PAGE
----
Why doesn’t anyone go to Tlaxcala? Living in Puebla, Tlaxcala has seemed to me like a great day trip, but for some reason it just doesn’t get much love from travellers. The WikiTravel page is a barren wasteland, and Lonely Planet’s section on the city could do with a little updating. This in itself was enough to perk my interest in this oft-overlooked corner of Mexico, and I could smell a diamond in the rough.
Tlaxcala city is the capital of a state of the same name. The state is absolutely tiny; it’s the smallest in Mexico, and accounts for a minuscule 0.2 percent of the country’s territory. It’s almost entirely surrounded by the much larger neighbouring state of Puebla, and the capital is pretty much an equal distance from Mexico City and Puebla city. Given this convenient location, you’d expect Tlaxcala to be a logical side trip for anyone heading vaguely east or south from Mexico City.
The main reason Tlaxcala sees relatively few visitors is likely because it just doesn’t have any big name attractions. The most well known site I could find was the Basilica de Ocotlan, church and privilege site 15 minutes by foot from Tlaxcala’s zocalo.
Loney Planet described the basilica as among the most impressive in Mexico – a claim that I can’t help feeling is a slight exaggeration. It’s certainly a nice church, but (pardon the pun) barely holds a candle to Puebla’s stunning cathedral. They’re just not in the same league.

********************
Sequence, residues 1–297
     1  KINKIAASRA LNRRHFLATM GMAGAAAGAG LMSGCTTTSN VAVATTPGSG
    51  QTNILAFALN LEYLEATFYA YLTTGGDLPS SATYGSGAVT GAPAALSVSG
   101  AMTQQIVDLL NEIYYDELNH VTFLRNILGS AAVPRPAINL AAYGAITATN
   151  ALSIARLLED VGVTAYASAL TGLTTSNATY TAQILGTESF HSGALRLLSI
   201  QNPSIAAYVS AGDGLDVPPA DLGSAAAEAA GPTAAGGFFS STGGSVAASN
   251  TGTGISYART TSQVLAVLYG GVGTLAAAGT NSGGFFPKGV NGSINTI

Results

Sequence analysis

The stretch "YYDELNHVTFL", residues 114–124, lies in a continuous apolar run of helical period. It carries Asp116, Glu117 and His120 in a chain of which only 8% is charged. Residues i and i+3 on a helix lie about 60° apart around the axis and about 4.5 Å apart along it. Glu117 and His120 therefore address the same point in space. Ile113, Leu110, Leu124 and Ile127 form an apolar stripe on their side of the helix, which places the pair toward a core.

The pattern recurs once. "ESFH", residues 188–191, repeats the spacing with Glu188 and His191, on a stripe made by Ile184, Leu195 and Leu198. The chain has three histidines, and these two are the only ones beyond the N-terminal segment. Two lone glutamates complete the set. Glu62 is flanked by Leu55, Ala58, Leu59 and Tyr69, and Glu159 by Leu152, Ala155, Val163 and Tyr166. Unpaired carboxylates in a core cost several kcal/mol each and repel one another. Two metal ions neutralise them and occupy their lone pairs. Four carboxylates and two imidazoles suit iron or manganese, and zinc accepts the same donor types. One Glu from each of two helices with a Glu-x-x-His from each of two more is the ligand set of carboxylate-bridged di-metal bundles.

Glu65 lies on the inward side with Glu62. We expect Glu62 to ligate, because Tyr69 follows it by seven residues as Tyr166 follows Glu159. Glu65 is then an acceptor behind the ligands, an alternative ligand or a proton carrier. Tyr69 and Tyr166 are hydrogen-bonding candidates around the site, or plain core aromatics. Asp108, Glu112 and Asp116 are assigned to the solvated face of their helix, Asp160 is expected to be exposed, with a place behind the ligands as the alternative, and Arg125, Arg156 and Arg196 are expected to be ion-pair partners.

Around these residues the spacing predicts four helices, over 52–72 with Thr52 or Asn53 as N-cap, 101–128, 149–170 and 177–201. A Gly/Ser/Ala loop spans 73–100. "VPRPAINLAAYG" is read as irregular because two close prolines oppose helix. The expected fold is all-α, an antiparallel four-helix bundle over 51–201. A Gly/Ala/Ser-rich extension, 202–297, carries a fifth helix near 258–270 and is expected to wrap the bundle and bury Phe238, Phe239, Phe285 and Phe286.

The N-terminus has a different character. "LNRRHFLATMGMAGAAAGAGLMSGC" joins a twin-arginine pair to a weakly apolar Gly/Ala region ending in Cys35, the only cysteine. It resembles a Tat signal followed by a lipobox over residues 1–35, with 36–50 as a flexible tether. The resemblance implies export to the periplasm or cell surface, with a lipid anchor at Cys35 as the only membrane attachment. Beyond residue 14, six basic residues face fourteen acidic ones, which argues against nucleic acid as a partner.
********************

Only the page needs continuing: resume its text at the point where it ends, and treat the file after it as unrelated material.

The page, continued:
There were a few other nice attractions recommended by the guidebook, including the local folk art museum, and the restaurant Tirol, which apparently serves up platters of local insects. Unfortunately, when I arrived at the museum I was shooed off by a worker who said there was no power. Hungry for some bugs, I headed over to Tirol, only to find the doors bolted shut at lunchtime on a Saturday.
Perhaps this run of bad luck has tainted my view of Tlaxcala, though I can admit it certainly has its charms. The old colonial centre is quite nice, and the leafy zocalo really is a great place to relax on a Saturday afternoon. It feels like a smaller, less crowded Puebla, which is certainly a compliment.
If there was one thing that made the trip worth it, it had to be the surprisingly impressive Palacio de Gobierno de Tlaxcala, on the northern side of the zocalo. It’s only mentioned in passing by Lonely Planet, but is well worth checking out for its intricate murals.
The murals depict key events in the history of Tlaxcala and Mexico, and are just bursting with detail.
So in conclusion, Tlaxcala isn’t central Mexico’s most exciting destination, but it has some promise. If you’re a little luckier than me, you’ll probably find it a worthwhile detour between Mexico City and Puebla. Personally though, I’d only suggest heading out there if you have quite a bit of time up your sleeve, and need to kill a day.
First published at dissentsansfrontieres.com.